The Restaurants

I'm pretty sure I'll come across as somewhat of a snob with this post (or maybe even an absolute snob), but I'm writing it anyway.  The topic is dining options (I should say lack of dining options) in Mankato/North Mankato.  When we moved here last summer the wife and I had a few concerns about leaving the Twin Cities and moving to a much more rural area, and I must admit my biggest concern was the restaurant scene.  Sure we would miss our old neighborhood, our friends, our jobs (me, not so much), and the multitude of social and cultural opportunities available.  But to be honest, as the years went by we didn't see our friends as much as we did in the past, we gave up our St. Paul Chamber Orchestra and Minnesota Wild tickets, and it turns out I can live without getting called at 3:00 a.m. because the full system backup failed.  The myriad of excellent dining options, however, was one thing that we took advantage of frequently.  Chances were if we had a night out without the kids, a good meal would be involved.

And it's not just the availability of nicer restaurants that we miss, but the variety as well.  Most ethnic foods you can think of were available within a 5 or 10 minute drive from our house - Japanese, Indian, Thai, Mexican, Middle Eastern, Spanish, French, Mediterranean, Ethiopian, Vietnamese, Afghan, and did I mention Japanese?  There is not one sushi restaurant in Mankato.  Nada.  A restaurant at a downtown hotel hosts "sushi night" every Tuesday.  We went there once.  They only offered about 6 different sushi rolls, mostly containing cooked fish, and no nigiri sushi at all.  It wasn't very good and we haven't been back.  The city is not totally bereft of non-American food.  Our first night in town we went to an Italian place and had a favorable meal.  We've also been to a good Mexican restaurant and heard about another one that I'd like to try. And there is a Vietnamese place that we've driven past.  But as far as I know, that's about it for ethnic food.  The majority of places are the typical chain restaurants you find everywhere - Timber Lodge Steakhouse, TGI Friday's, Olive Garden, BW3, etc.  The internet search I did for "best Mankato restaurants" returned several different lists.  Among the best/top rated restaurants on the various lists were:
  • #4 - Papa Murphy's Take 'n Bake Pizza
  • #5 - Applebee's
  • #7 - Cold Stone Creamery
  • #7 (on a different list) - Old Country Buffet (I don't know whether to laugh or cry)
  • #12 - Noodles & Co.
  • #14 - Chipotle
Unfortunately, that's no joke.  I half expected to see Arby's (which I do like by the way) listed.  Now you see what we're up against.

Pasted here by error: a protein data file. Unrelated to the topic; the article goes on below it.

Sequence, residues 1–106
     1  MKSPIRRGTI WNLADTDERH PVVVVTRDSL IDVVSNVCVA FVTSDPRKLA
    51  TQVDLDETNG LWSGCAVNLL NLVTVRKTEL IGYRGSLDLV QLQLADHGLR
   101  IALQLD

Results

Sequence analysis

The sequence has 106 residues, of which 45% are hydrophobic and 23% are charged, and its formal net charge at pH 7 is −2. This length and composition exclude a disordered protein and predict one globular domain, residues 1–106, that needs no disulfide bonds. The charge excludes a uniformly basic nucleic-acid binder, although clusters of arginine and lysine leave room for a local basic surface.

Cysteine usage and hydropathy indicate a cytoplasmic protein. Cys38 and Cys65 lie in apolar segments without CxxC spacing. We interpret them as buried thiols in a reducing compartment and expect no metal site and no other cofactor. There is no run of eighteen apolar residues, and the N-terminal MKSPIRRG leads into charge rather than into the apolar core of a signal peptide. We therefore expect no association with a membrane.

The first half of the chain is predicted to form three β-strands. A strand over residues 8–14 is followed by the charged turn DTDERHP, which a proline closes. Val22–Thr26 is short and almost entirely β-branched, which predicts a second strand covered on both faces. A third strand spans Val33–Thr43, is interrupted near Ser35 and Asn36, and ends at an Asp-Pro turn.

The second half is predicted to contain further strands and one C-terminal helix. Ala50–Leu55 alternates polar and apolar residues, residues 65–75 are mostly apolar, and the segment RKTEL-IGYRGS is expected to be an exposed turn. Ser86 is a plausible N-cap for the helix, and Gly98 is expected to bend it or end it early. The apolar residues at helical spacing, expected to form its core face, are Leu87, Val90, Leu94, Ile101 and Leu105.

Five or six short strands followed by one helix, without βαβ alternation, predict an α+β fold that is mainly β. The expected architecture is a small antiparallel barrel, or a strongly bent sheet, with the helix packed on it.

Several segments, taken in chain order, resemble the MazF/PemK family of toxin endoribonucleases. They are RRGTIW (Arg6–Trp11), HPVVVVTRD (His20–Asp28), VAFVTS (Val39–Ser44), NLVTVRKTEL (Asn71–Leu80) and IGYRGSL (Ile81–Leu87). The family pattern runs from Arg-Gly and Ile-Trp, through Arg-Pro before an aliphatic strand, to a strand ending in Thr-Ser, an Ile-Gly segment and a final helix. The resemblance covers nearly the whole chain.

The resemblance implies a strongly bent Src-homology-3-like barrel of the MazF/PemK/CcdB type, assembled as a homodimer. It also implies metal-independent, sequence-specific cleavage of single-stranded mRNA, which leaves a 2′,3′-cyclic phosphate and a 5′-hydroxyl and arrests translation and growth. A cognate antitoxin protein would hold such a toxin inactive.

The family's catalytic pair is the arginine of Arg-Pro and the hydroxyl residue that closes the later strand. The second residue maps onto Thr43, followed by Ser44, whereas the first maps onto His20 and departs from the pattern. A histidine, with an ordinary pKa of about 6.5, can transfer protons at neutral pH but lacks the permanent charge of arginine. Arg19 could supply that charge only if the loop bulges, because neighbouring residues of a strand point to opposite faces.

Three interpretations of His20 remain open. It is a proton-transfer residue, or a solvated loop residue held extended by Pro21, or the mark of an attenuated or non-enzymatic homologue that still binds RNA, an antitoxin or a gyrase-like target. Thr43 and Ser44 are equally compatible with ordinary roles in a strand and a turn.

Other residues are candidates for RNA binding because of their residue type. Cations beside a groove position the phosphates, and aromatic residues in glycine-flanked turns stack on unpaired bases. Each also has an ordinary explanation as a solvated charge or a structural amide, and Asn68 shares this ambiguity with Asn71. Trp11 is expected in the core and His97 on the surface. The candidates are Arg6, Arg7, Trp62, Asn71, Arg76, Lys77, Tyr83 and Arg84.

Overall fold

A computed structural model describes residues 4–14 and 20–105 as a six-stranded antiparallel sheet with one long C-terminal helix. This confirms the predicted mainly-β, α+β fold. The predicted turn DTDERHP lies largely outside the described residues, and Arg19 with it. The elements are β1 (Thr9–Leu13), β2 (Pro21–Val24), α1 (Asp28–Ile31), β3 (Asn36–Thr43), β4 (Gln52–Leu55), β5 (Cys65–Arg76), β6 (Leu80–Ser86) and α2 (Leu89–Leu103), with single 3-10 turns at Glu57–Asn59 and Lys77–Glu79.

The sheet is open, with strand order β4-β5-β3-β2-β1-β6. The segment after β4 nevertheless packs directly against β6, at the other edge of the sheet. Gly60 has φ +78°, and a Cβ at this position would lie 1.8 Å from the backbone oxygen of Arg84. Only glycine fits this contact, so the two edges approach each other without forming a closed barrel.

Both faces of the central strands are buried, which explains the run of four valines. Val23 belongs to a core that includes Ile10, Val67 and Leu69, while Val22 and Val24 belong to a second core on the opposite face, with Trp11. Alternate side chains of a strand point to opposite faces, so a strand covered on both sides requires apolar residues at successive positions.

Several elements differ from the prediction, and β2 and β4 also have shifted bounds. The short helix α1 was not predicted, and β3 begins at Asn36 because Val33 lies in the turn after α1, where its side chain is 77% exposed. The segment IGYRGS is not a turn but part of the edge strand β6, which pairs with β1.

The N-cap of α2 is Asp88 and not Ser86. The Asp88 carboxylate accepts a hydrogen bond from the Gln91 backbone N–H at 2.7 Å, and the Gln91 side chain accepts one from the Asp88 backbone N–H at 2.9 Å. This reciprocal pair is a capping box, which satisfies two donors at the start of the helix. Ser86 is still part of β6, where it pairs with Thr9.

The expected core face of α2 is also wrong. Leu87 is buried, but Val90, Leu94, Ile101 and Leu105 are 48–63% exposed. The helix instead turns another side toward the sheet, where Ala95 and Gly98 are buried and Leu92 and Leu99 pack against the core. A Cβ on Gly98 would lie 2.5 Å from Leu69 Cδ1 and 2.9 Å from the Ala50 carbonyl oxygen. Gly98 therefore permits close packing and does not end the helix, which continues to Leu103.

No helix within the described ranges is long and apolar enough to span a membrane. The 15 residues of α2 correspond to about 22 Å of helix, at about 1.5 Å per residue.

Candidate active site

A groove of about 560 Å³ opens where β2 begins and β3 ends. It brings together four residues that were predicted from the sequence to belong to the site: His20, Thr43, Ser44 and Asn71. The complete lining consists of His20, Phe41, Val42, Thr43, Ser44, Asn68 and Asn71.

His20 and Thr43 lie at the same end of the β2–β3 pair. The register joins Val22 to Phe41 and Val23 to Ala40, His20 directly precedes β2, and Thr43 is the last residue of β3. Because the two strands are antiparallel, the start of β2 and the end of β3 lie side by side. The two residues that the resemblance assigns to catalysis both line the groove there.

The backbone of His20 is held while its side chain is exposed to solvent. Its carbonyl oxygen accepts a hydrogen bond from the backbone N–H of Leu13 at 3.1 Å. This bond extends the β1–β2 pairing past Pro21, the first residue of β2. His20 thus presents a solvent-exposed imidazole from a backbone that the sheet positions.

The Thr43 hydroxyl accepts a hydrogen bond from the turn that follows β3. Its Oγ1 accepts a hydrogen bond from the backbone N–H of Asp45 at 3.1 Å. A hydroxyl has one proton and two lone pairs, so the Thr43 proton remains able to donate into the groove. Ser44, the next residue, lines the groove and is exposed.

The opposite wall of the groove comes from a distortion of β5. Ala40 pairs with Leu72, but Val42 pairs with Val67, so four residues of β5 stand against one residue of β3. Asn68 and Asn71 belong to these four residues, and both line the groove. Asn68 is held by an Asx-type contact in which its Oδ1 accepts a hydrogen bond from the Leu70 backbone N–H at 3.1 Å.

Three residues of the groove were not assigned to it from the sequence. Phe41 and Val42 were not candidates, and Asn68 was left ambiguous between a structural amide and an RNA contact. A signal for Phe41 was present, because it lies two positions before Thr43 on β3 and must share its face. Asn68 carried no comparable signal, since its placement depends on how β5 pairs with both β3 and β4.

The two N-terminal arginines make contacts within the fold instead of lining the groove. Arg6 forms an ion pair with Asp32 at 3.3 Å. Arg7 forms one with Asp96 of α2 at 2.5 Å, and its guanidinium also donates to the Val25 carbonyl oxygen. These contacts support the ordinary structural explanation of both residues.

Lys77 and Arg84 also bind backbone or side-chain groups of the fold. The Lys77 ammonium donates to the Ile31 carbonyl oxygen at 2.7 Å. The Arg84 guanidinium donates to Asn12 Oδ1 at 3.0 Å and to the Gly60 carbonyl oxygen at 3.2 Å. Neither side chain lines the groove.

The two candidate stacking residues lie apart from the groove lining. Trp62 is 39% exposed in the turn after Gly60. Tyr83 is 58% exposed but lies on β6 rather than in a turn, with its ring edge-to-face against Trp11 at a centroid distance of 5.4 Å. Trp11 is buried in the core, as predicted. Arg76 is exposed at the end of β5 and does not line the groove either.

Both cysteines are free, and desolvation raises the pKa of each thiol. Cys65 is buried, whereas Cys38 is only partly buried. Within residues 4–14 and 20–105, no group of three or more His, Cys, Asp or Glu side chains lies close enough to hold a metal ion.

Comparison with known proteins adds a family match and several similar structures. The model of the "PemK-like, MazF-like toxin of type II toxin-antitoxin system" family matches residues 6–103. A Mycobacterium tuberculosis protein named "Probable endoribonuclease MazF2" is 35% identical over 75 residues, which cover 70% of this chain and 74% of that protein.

A couple months ago, the wife and I went to a place that was supposed to be a nice steakhouse.  It was fine. Your standard steak-and-potatoes-with-a-side-salad kind of place.  The steaks were nothing special, and my impression is they're all cooked to the same level of doneness regardless of the diner's preference.  There was one silver lining in the dinner cloud that night.  On the wine list they had a Bordeaux but didn't list the vintage.  We asked the waitress what it was and then had to explain what "vintage" meant.  It turns out that it was from 2005 and priced very reasonably.  That wine salvaged our night.  It was like finding water on the moon (or at least like finding a great wine at an average steak joint).

Olive Garden is a decent-enough place and we've gone there 3 or 4 times since moving.  I suppose you could say it's our new go-to restaurant in Mankato.  During our last visit the waitress suggested we try their wine of the day or special or whatever, Riunite.  I had to stifle a laugh as I could only think of those cheesy 1980s "Riunite on Ice" commercials like this one.  Here are a few more:  It goes great with hot dogs!A fun day in NYC!Burgers Tacos Chicken Salad Whatever!, Cooler Anyone!, and Even Susan Lucci loves her some Riunite!  I could write an entire post on these commercials alone.  They're so awful you can't help but watch.

Even cooking at home is different now.  Back in Minneapolis, when we wanted to grill something for dinner we could take advantage of the butcher shop within walking distance of the house.  I recently found a butcher shop in town and have been there a couple of times.  I've also tried the meat counters at the local grocery stores.  I found that we now have to plan ahead to ensure that the store will have what we want for a particular meal.  On a few occasions I haven't been able to get what I was looking for without making 2 or 3 stops - beef short ribs or pork belly for example - not overly exotic items that I think would be difficult to find.

The funny thing is that I wasn't raised on gourmet food.  I grew up eating beans and hot dogs, macaroni and cheese, meatloaf, etc.  I can remember going to McDonald's and making my dad order plain hamburgers for me.  Plain!  I've never ordered a plain hamburger myself, so maybe the quality improvement process has reduced the wait time over the years, but I can tell you that back then it took them a looong time to produce a plain hamburger.  And there was no way I would accept ordering a regular hamburger and simply scraping off the toppings.  It had to be plain.  I don't know how my dad put up with me.